‘Human Rights at NYU’ Resolution Narrowly Struck Down in University Senate
The resolution, originally inspired by the Boycott, Divestment and Sanctions movement, called for NYU to divest from companies associated with human rights violations.
Apr 24, 2019
A resolution that would aim to implement a socially responsible investment policy at NYU narrowly failed to pass at a University Senate meeting on Thursday. When it came to a vote, 36 members voted in favor of the resolution and 39 members opposed it.
The resolution, titled “Human Rights at NYU,” called for NYU to divest from companies that are complicit in human rights violations. The resolution cited a 1985 Student Senators Council resolution to divest from South African businesses during apartheid that passed. There was also another example of the university divesting from companies and firms that supported the Sudanese government in 2008 over conflicts in the region. The current resolution listed support from 60 student groups and 35 faculty members.
“Therefore be it resolved that NYU enacts a socially responsible investment policy for the university endowment that implements a screen on ethical investments that uphold human rights for all,” the resolution read.
The resolution was first introduced in November 2018 as part of the global Boycott, Divestment and Sanctions movement, which seeks to end support for Israel due to its treatment of Palestinians. It was initially titled “The Resolution on the Human Rights of Palestinians,” and it cited specific companies associated with Israel as examples of those NYU must divest from under an SRI policy.
Multiple Zionist student groups like Realize Israel and TorchPAC outspokenly denounced and protested the resolution, but it passed after a Dec. 6 Student Government Assembly meeting last semester that included 12 outside speakers and four extensions for time. Less than a week later, NYU President Andrew Hamilton — who is both a member of the University Senate and a non-voting member of the Board of Trustees, which oversees the university’s investments — spoke out against the resolution in a statement. Although he has publicly opposed BDS before, it is uncommon for the President to speak on a resolution prior to its discussion on the University Senate floor. Proponents of the resolution later called Hamilton’s action “unprecedented.”
After the December meeting, the resolution underwent a revision process — as most do before appearing in the University Senate — in which the title was changed and mentions of BDS, Palestine and Israel were removed. SGA passed the revised resolution on March 1.
NYU Executive Vice President Martin Dorph said at the University Senate meeting that the university already has existing practices to deem which investments were socially responsible.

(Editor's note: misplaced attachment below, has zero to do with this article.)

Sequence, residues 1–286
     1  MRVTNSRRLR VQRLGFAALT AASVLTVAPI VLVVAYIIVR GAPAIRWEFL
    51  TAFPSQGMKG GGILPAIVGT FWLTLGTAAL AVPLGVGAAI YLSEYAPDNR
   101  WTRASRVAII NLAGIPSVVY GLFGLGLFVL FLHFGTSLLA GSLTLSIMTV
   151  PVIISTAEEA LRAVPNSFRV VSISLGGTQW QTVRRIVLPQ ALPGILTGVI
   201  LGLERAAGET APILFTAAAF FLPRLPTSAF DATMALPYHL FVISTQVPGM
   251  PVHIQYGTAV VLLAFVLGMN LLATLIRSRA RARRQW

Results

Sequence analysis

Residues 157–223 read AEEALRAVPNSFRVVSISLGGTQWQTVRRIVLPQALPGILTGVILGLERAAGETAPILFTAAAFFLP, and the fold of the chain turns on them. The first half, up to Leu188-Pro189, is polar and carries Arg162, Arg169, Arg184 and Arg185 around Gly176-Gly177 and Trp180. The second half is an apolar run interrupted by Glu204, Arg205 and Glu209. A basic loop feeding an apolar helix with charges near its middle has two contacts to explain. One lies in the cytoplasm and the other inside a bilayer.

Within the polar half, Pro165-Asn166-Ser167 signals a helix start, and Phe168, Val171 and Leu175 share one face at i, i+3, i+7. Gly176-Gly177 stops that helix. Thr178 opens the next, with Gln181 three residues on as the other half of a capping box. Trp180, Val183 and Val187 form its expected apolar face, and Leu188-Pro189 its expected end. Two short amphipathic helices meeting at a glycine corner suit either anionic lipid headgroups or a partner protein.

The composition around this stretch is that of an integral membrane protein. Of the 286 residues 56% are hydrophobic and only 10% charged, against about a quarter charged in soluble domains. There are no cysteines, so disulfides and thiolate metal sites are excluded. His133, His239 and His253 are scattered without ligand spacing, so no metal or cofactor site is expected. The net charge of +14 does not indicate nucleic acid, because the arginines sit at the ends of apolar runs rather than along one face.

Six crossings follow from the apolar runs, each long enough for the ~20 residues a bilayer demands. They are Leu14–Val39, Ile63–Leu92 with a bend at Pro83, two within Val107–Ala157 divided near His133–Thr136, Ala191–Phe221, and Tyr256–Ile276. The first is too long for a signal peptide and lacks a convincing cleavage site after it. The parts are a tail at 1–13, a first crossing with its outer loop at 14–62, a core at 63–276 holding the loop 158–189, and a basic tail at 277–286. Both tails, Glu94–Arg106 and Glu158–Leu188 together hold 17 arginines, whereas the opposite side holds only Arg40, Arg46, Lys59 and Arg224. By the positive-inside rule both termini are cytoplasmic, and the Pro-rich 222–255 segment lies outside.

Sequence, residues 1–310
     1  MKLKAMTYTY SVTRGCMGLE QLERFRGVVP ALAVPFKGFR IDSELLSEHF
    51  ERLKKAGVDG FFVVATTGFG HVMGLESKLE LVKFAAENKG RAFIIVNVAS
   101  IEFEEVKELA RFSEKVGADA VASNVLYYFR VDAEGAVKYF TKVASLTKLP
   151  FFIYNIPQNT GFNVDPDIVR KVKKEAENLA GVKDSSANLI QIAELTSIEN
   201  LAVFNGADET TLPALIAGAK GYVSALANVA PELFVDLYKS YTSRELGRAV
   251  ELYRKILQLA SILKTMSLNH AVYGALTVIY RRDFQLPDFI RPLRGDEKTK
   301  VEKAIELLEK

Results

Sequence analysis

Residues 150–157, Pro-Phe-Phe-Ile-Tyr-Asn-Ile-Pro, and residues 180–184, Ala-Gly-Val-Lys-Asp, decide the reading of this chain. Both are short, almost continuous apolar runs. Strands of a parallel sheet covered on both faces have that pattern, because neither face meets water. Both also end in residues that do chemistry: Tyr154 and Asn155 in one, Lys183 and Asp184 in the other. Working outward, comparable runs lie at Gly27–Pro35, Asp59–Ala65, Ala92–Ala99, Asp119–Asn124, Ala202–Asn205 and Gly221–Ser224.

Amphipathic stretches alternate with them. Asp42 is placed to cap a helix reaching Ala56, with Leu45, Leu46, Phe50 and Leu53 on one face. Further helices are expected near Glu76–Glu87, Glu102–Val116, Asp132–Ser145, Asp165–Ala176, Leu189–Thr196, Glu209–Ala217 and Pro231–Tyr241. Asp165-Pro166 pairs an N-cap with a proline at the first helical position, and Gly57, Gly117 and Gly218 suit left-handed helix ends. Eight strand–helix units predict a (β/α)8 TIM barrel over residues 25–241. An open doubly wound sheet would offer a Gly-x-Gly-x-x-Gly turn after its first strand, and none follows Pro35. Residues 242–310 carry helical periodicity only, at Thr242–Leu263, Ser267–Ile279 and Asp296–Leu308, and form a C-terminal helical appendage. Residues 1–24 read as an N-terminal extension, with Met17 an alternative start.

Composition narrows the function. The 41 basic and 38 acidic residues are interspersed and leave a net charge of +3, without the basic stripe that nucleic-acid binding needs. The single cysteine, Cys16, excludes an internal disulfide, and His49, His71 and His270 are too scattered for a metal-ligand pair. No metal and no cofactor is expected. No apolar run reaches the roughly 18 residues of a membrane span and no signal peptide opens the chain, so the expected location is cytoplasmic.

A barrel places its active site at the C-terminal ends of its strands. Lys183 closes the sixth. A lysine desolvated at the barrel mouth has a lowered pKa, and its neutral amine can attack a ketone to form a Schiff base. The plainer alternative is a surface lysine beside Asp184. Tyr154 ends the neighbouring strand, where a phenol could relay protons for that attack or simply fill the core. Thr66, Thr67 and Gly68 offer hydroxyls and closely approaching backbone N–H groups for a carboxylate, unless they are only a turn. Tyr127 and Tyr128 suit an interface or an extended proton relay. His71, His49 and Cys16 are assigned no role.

“There’s a very extensive screening process that looks at everything from the kinds of strategies, portfolios, track records of success and many other factors,” Dorph said. “As was noted, any manager that has made it through that process that has identified as a socially responsible investment manager has been presented and approved for investment.”
When the resolution was presented to the University Senate, member of the Senate Committee on Organization and Governance and NYU Law student David Moosmann cited concerns over the resolution’s ambiguity.
“Our general concern with this, given the fact that the university already has existing practices in respect to the socially responsible character investment, we thought that the resolution was on too high a level of generality,” Moosmann said.
The one-and-a-half page resolution includes one paragraph on the SRI policy, and does not detail how the policy would be implemented or the criteria that would qualify an investment as socially responsible.
Moosmann went on to say that there should have been more specific cases of investments in companies complicit in human rights violations.
“Our own thinking was that if it was at a greater level of specificity by the student government’s process, you can deal with particular items that were deemed problematic such as the Sudan example and the South Africa example, that would be a more effective mechanism in passing the resolution,” Moosmann said. “As far as content is concerned, it’s on a very broad level.”
Alternate Senator-at-Large and CAS senior Benjamin Zinevich spoke in support of the resolution and said it would increase the university’s transparency when it comes to investing with companies.
“This [resolution] offers more clarity and transparency,” Zinevich said. “I would say that we are just offering greater criteria and it is a lot more specific.”
Senator-at-Large and CAS senior Amanda Lawson spoke on behalf of Senator-at-Large and CAS senior Rose Asaf, who co-authored the resolution but was unable to attend the meeting.
“This resolution is about one thing and that’s human rights,” Lawson said. “If we as a university decided that it is too complicated and not be able to hold the principles enshrined in the [UN’s Universal Declaration for Human Rights], then that is a very sad day for NYU.”
Email Meghna Maharishi and Victor Porcelli at [email protected]